While declining ratings were a factor in the decision, the show ended primarily because the studio felt it would be competing with the then-new Disney Channel on cable television. Today, the Disney Channel rarely shows old Disney movies or programs as they used to in the 1980s and 1990s.

The Disney feature-length movies were, at first, either edited down to one hour, or broadcast in two or more weekly installments, one hour per week. It was not until the mid 1970s, that Disney Studios finally broadcast one of their feature-length movies complete in one evening, the way all other movies were usually telecast on network television.

Walt Disney's last opening comments aired in "A Salute to Alaska", in April 1967, five months after he had died.

The series was so popular, that in 1972, NBC renewed it through 1976. During this period, Disney was the only Hollywood studio that routinely made money on most of its feature films.

Shown under five different titles, and eventually appearing on all three of the then-major television networks (ABC, NBC, and CBS), this was, and as of 2005 still is, the longest-running weekly prime time network show in the history of television. "Hallmark Hall of Fame" has run longer, but that has not been a weekly show in more than forty years.

All of the ABC episodes were filmed in color, even though they aired in black and white. In general, ABC did not broadcast in color until the mid 1960s. During the years on ABC, the show went by the title of "Disneyland", with one of four weekly sub titles, either "Fantasyland", "Frontierland", "Adventureland", or "Tomorrowland", depending on the category of that week's show. When the show moved to NBC, in 1961, the different sub titles were dropped. Additionally, many of the ABC episodes that re-aired on NBC were shown in color, and have been that way ever since, even those episodes aired on The Disney Channel, as well as those released in the theater ("The Adventures of Davy Crockett") and on home video.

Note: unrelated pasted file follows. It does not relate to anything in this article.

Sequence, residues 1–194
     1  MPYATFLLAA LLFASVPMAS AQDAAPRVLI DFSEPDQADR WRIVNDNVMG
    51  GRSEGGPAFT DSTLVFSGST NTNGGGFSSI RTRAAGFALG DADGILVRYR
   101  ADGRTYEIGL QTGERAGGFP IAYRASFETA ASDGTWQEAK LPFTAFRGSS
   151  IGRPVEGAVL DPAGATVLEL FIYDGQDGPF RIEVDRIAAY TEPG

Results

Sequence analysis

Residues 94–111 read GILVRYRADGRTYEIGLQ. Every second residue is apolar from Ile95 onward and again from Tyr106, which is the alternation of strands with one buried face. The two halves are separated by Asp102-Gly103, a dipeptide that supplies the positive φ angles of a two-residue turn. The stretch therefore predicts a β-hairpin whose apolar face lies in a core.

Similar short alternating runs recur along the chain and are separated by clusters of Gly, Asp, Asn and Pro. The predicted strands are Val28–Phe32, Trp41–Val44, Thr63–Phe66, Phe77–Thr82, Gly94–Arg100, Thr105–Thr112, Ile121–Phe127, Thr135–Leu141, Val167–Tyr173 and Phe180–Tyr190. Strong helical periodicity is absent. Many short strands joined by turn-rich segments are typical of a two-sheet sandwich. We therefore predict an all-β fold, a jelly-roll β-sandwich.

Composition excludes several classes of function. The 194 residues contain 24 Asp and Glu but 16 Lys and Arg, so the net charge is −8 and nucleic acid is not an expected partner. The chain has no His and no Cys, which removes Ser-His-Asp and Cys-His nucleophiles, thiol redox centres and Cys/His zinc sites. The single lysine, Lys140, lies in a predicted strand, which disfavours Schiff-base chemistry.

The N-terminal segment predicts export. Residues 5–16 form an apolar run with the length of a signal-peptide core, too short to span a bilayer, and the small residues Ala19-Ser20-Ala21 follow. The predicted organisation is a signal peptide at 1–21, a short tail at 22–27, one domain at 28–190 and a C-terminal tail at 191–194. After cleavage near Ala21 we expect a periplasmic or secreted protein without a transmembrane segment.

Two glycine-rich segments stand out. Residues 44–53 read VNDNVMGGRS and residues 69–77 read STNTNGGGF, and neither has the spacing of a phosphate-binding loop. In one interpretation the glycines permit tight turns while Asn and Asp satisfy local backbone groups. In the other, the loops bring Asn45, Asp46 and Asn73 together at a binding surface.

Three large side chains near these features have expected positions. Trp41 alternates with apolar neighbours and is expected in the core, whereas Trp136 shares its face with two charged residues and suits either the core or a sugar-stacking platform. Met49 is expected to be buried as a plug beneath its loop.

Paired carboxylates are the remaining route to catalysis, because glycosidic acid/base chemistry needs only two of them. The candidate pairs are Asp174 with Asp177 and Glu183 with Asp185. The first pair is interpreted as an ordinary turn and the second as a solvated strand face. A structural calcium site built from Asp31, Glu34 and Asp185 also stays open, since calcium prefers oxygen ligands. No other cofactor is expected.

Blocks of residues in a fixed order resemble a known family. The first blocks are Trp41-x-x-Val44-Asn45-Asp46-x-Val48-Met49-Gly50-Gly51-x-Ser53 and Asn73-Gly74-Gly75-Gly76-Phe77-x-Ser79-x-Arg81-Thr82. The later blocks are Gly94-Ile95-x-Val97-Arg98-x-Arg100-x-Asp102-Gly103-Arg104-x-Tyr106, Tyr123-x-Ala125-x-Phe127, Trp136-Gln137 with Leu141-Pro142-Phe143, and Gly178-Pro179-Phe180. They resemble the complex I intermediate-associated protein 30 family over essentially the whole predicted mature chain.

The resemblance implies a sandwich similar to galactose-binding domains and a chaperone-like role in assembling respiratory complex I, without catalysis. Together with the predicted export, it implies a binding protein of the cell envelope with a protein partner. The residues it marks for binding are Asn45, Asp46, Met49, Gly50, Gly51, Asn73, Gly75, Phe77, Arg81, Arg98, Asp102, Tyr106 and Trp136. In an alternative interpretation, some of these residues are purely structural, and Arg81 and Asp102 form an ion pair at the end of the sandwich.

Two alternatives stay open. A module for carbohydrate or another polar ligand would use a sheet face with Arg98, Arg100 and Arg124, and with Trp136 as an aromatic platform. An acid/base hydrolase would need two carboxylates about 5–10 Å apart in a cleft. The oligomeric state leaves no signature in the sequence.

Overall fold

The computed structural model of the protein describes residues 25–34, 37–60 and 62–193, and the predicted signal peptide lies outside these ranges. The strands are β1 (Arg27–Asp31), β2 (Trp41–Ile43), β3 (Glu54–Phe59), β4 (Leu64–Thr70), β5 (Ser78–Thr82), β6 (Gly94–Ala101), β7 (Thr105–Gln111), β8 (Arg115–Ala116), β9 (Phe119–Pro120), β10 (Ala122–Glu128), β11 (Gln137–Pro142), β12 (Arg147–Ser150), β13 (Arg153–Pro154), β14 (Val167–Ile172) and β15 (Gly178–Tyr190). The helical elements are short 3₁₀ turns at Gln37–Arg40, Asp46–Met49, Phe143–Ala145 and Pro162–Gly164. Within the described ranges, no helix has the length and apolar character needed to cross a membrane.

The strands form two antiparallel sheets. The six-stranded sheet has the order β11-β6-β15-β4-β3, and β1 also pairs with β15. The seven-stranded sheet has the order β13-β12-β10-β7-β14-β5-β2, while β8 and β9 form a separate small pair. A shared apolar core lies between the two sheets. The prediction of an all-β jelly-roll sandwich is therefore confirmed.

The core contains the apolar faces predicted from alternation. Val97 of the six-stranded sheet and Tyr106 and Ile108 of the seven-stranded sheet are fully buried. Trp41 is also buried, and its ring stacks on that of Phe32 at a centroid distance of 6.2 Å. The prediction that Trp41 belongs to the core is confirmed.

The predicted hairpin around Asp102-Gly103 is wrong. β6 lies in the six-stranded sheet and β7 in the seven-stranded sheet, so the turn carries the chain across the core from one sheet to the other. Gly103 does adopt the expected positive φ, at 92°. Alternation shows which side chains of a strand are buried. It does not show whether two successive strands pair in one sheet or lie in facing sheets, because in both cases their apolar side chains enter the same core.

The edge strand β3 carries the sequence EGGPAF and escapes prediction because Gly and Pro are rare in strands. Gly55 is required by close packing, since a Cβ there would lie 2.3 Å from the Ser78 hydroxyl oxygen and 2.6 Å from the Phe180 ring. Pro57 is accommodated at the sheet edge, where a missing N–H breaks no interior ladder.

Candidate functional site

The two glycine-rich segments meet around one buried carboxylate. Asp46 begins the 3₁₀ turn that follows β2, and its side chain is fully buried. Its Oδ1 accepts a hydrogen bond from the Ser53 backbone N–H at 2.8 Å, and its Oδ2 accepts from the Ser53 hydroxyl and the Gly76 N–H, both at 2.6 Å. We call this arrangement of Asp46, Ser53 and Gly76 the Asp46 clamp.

Exotic animal trainer Ralph Helfer provided many of his animals for the Disney movies and Television series.

Several of the longer installments were released as theatrical movies overseas.

Some of the segments produced for this series would be released as shorts in international markets.

From 1954 to 1960, this series was titled "Disneyland". It aired on ABC, which, at that time, only broadcasted, for the most part, in black and white.

NBC was loyal to the show throughout the 1960s and most of the 1970s, but by 1979, ratings were declining, and they demanded changes in the format. The studio updated the visual look of the show with a disco theme song and a fancier opening sequence. This convinced NBC to renew the show until 1981. But the ratings did not improve, and NBC cancelled it. CBS then picked it up and featured an even more elaborate opening sequence using then-state-of-the art computer graphics. Disney cancelled the show in 1983, due to the start of The Disney Channel. The show was revived in 1986 on ABC, then moved to NBC in 1988. It was cancelled in 1990 after thirty-six consecutive seasons on network television. In 1997, the show was revived by ABC as The Wonderful World of Disney (1995).

This television series was created by Walt Disney in order to obtain the money he needed to build his Disneyland theme park. In 1954 the new ABC television network agreed to provide financing to build the park, in exchange for Walt Disney creating the TV series for them and for a minority ownership in Disneyland. In the 1990's fortunes were reversed and The Walt Disney Company bought ABC.

Spoofed in Mad Magazine as "Walt Dizzy presents Dizzyland".